[00:03:23] Reed Pence: One reason is because there's a high risk of the embryos splitting into twins. Khan says twin pregnancies have higher incidents of premature birth and lower birth weight. Both conditions can have a harmful impact on the child's future. And though many surrogates are assessed for their physical health, Kahn says commercial gestational surrogates have a much higher risk of pregnancy complications than they should.
[00:03:46] Dr. Linda Kahn: These are women who've been vetted for this job. And one of the criteria is that they have in the past had healthy, uncomplicated pregnancies. They're very low risk for pregnancy complications, and yet we see a higher rate of pregnancy complications among this population than we do of other women of their age and fertility. So we know there's something about this process of commercial gestantional surrogacy that is putting the women at high-risk.
[00:04:17] Reed Pence: Some of it could be attributed to the twinning, but Khan says another factor is that the embryos have no genetic relationship to the surrogate.
[00:04:24] Dr. Linda Kahn: If you normally conceive or naturally conceive a pregnancy in a heterosexual relationship with a partner that you've been having a relationship for awhile, your body will tolerate that pregnancy. It's not going to attack the fetus, because it recognizes some of it as self. However, these women don't have any signal coming from that fetus that this is self. So, it's likely that their bodies are having some kind of an immune response to that pregnancy.
[00:04:49] Reed Pence: The immune response may not be strong enough to kill the fetus, but Kahn says it could increase the amount of inflammation in the body, a response that's known to trigger preeclampsia.
[00:04:59] Dr. Linda Kahn: Preeclampsia is when you have an inflammatory condition in your placenta, which is the organ that's communicating between you and the fetus that you're carrying. So biologically it's plausible that this heightened risk of pregnancy complications that we see among women who act as commercial gestational surrogates, who are otherwise completely healthy women, may be due to the fact that you're putting a completely foreign body inside of them.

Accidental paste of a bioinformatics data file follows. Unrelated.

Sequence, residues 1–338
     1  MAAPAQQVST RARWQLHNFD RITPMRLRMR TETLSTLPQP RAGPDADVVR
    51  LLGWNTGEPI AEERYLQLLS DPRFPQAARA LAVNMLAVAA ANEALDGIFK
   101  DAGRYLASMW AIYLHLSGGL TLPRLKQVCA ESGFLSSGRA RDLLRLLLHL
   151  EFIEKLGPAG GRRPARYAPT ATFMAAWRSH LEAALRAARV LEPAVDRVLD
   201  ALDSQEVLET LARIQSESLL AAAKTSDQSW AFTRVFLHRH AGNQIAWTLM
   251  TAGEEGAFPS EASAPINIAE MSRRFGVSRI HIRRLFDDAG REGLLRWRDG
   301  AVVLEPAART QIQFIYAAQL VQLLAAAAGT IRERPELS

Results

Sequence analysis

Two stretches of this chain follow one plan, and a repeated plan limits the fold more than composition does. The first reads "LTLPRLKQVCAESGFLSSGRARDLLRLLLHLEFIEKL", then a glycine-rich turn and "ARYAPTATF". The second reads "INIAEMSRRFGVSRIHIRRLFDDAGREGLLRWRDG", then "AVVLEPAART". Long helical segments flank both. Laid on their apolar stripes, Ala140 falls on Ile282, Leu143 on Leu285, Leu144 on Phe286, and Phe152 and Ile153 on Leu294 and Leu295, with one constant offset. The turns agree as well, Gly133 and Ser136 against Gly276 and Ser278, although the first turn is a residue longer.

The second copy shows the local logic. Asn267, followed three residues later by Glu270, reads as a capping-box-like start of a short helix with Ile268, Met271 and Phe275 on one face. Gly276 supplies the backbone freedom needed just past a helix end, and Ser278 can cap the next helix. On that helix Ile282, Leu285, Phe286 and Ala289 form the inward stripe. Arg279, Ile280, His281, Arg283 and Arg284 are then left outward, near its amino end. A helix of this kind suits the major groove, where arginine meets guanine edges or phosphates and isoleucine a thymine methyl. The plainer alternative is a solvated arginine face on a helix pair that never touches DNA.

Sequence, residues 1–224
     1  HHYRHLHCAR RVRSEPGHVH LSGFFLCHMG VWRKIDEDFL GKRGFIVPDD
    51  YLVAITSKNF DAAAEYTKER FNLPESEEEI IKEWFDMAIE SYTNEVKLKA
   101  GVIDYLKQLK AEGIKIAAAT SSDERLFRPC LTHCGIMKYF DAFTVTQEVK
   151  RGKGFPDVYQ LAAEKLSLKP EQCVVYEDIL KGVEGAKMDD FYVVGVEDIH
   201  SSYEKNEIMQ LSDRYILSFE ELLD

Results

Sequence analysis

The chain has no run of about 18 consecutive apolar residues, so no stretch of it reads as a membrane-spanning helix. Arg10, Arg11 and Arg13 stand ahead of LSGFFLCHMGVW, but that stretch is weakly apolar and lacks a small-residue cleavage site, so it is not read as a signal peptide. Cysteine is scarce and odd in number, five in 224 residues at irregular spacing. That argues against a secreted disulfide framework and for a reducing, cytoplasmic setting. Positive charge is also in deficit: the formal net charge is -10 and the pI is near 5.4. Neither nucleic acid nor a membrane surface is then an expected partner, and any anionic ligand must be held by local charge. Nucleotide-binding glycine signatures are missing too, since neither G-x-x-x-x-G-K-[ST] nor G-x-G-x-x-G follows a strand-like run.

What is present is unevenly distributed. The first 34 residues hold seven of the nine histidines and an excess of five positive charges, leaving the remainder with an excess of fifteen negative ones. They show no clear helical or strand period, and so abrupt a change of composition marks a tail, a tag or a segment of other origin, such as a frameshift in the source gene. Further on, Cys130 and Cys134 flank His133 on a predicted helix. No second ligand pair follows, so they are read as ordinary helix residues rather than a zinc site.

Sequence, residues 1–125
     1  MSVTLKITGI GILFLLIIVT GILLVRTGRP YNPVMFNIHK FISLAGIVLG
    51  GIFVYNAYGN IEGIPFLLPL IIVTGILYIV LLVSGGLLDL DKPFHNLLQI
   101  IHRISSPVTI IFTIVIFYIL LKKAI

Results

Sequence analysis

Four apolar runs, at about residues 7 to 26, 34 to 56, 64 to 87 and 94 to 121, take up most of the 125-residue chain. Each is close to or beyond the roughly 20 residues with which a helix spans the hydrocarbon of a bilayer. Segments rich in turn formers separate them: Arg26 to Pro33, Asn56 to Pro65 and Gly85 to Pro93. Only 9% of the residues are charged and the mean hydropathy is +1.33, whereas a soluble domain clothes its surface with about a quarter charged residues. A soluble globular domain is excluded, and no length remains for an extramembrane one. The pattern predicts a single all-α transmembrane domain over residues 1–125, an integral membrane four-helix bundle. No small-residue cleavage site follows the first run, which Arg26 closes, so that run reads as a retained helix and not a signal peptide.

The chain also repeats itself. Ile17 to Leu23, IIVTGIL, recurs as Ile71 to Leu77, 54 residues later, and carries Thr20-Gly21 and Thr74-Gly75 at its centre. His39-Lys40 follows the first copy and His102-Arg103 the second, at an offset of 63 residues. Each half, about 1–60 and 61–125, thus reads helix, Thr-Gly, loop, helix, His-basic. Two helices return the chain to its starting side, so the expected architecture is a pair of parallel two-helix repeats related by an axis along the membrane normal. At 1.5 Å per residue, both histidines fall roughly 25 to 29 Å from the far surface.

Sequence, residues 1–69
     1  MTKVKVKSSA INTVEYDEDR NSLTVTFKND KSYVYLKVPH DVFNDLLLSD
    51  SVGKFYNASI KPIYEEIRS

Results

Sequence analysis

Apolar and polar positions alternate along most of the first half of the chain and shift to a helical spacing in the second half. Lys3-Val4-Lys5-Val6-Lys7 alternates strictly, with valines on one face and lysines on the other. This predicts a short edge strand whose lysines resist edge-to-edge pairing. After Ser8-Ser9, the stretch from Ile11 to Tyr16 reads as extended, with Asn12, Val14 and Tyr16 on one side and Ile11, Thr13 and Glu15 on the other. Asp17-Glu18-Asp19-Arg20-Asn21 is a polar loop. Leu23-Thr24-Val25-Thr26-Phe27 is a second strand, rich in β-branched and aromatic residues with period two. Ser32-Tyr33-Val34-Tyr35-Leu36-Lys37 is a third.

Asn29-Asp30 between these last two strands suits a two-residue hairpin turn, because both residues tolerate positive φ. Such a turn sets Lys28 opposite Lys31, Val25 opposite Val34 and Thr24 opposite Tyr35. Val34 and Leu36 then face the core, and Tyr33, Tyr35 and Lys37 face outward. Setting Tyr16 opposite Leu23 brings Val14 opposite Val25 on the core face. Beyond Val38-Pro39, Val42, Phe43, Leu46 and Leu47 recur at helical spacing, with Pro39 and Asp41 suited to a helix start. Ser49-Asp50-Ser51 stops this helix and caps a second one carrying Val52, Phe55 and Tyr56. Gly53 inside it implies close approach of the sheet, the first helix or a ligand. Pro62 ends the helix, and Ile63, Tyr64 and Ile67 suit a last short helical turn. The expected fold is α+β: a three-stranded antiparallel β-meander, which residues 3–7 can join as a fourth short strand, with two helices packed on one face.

[00:05:23] Reed Pence: But we can't know for sure because there's little research on gestational surrogacy, or even an egg donation. Kahn says the best data scientists have has been painstakingly collected by researcher Diane Tober. Tober has found substantial evidence of women having adverse health outcomes after selling their eggs.
[00:05:41] Dr. Linda Kahn: There is a lot of pressure to produce lots and lots of eggs would that may not be to the benefit of the person who's providing them, healthwise. And also they have to take high levels of hormones as part of the process, because normally our bodies produce one egg, maybe two, a month, not a lot. And these women are being stimulated to produce sometimes 40, 50, 60 eggs in a month.
[00:06:00] Reed Pence: The most data from egg donors is collected from the website weareeggdonors.com, where women voluntarily submit information about their experience. Many of these women report overstimulation of their ovaries, which Kahn says can harm their bodies when the eggs are extracted. So, is there a way to make commercial gestational surrogacy a safer process? Ashley Mareko is a three-time surrogate and works for SurrogateFirst, a commercial surrogacy company. Mareko believes companies should have accreditation programs to protect both the intended parents and the surrogates.